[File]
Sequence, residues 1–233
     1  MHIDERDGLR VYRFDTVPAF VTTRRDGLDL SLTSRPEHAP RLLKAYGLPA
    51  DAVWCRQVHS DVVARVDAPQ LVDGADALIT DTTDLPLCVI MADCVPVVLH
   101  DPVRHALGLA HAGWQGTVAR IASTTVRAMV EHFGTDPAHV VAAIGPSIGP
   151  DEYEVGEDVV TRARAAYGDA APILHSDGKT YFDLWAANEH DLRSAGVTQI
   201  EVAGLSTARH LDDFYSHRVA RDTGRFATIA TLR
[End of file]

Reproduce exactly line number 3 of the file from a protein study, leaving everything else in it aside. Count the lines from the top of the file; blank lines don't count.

    51  DAVWCRQVHS DVVARVDAPQ LVDGADALIT DTTDLPLCVI MADCVPVVLH